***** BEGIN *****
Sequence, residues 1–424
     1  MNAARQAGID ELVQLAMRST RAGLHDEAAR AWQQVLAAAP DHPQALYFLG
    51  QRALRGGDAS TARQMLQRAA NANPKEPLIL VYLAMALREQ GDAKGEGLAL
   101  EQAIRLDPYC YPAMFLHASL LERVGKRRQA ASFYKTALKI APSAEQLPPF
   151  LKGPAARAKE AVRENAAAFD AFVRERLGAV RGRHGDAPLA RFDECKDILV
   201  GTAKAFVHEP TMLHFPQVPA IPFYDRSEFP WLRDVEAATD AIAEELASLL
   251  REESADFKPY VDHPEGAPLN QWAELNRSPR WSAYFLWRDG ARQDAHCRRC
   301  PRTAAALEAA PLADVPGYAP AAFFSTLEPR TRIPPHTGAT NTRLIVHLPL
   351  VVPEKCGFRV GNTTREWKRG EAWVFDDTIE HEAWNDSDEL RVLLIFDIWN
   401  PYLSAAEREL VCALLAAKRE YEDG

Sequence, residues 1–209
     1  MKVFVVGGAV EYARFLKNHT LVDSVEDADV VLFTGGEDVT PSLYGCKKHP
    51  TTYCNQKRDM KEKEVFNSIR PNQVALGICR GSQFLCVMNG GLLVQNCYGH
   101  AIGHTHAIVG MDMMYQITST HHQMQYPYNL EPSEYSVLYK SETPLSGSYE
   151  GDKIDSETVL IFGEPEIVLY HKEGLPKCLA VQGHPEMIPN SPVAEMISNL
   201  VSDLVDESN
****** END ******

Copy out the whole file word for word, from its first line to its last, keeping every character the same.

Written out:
Sequence, residues 1–424
     1  MNAARQAGID ELVQLAMRST RAGLHDEAAR AWQQVLAAAP DHPQALYFLG
    51  QRALRGGDAS TARQMLQRAA NANPKEPLIL VYLAMALREQ GDAKGEGLAL
   101  EQAIRLDPYC YPAMFLHASL LERVGKRRQA ASFYKTALKI APSAEQLPPF
   151  LKGPAARAKE AVRENAAAFD AFVRERLGAV RGRHGDAPLA RFDECKDILV
   201  GTAKAFVHEP TMLHFPQVPA IPFYDRSEFP WLRDVEAATD AIAEELASLL
   251  REESADFKPY VDHPEGAPLN QWAELNRSPR WSAYFLWRDG ARQDAHCRRC
   301  PRTAAALEAA PLADVPGYAP AAFFSTLEPR TRIPPHTGAT NTRLIVHLPL
   351  VVPEKCGFRV GNTTREWKRG EAWVFDDTIE HEAWNDSDEL RVLLIFDIWN
   401  PYLSAAEREL VCALLAAKRE YEDG

Sequence, residues 1–209
     1  MKVFVVGGAV EYARFLKNHT LVDSVEDADV VLFTGGEDVT PSLYGCKKHP
    51  TTYCNQKRDM KEKEVFNSIR PNQVALGICR GSQFLCVMNG GLLVQNCYGH
   101  AIGHTHAIVG MDMMYQITST HHQMQYPYNL EPSEYSVLYK SETPLSGSYE
   151  GDKIDSETVL IFGEPEIVLY HKEGLPKCLA VQGHPEMIPN SPVAEMISNL
   201  VSDLVDESN